Monthly Archives: September 2011
Did I Write This?
I was cleaning up my desktop on my computer this gloriously cool Labor Day morning, when I came across a file titled: 15 Minutes Every Day. I opened it thinking it was something I copied from the Internet to use as an inspiration at a later time. I am always looking for ways to make myself slow down and do something contemplative. I have numerous sites bookmarked or “Liked” on my FB page to remind me to enjoy life.
When I opened it, the cursor was near the bottom of the document, so I began by reading the poem. It seemed familiar but it didn’t have an author attached. (I always give credit.) So I decided to go to the beginning and started reading my words written shortly over a month ago.
Those were my words.
I don’t remember writing them.
I began this document with the intention of doing Laurie Halse Anderson’s challenge of writing everyday for fifteen minutes during the month of August. Did it twice, and life got in the way.
I need to write everyday. It fills me with joy. I also read somewhere – one of my Zen-type sites that I love so very much – a writer must share her words freely. Don’t worry about copyright, someone stealing my words, or being pusblished. Just share and let the world hear my voice, if they so choose.
Well, world, here are my words and I am going to make an effort to write everyday.
We went to the Botanic Gardens today. It was finally cool. The weather has been so hot, I just sat inside in the air conditioning and did nothing. Since school is starting again very soon, we decided one more trip in the cool weather would be a nice way to spend the day. Leroy wrote and I took pictures.
I am very happy when I am taking pictures. I am in the moment. I am not thinking about things I have to do or haven’t done. I am present. I push myself to see details.
If you look at a garden as a whole, you may see a lot of mish-mash. Plants growing into one another, pushing one another around for the best position to soak in the light. Or you may see tidy rows upon rows of neatly planted blooms staying in their place, growing happily. But it is when you go deeper and put your nose into the mess or the march that the true beauty is seen.
This is what happens when I photograph. I step up to a pretty bloom and zero in on only that one face glowing in the sun. I notice its shapes and colors. Even in the simplest of blooms, there are numerous colors. Even what may at first appear to be a perfectly shaped petal, there may be a tiny notch or browning that gives a unique spin on the definition of beauty. It is not in the perfectly shaped blossoms but in the imperfection that makes me want to keep that memory forever in my photos.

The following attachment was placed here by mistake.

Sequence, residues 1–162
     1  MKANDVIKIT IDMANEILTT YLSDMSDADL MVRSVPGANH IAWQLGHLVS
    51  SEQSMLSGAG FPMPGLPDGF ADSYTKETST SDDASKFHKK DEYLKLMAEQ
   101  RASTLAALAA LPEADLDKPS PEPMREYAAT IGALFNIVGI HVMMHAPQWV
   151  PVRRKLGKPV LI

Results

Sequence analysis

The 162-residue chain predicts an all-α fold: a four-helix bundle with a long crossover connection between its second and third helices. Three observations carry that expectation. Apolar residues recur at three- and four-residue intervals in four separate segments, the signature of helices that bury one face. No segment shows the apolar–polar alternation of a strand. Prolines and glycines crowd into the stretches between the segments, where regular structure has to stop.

The curling petal. The hole allowing me to see the rock below. The bees upstaging the flower. Water drops re-forming the leaf in their reflection. One flower twining into another or being covered by a curling vine.
I look at the photos I took and marvel at their glory even more since I come even closer still through the stills. The color astounds me. I peruse the complexity of each bloom. I wonder how man’s interference with walls and statues and blueprints for the perfect garden can improve on this beauty. It can’t. It can only be a backdrop.
I hope my photos honor the glory of these living beings. Their lives so short, their only purpose is to make me smile. Oh, and of course, be there for the bees and butterflies.
A rainbow sat outside my window waiting for me to notice.
It had a partner ready to delight my eyes with their colors and their dance,
Bending their shape so gently across the sky.
How many rainbows have passed by me without me ever seeing them?
It was the lightening flash that got my attention.
I noticed the dark billowy clouds and wondered if it would rain.
Then I saw the twins.
Is this how I go through life, seeing the pain before the joy?
Have I programmed myself to wish for the gray,
Leaving colors for only the favored few who deserve it?
One must be present to enjoy the rainbow.
It is fleeting.
It fades into the nowhere from where it came,
In a breath of a few moments.
Joyful moments are present if I am.
Clearing the mind and stopping to
Take in the one simple instant that may or may
Not grace my life again.
The flowers in the garden yesterday
Allowed me to take their pictures.
What a glorious gift.
I learned from their generosity that I have
That is when I see the curled petals
And the blending of one color into the next.
The bug ever so lightly blazing across the stem.
The stamen reaching for the sun,
But knowing the bee is its purpose.
Buds resisting the urge to open their arms,
Lest they lose their treasure,
Not realizing it is a treasure that must be lost
To continue on.
So I, too, must not be afraid to lose my treasure.
Let loose, let go.
Wait and watch.
That is where the true treasure lies.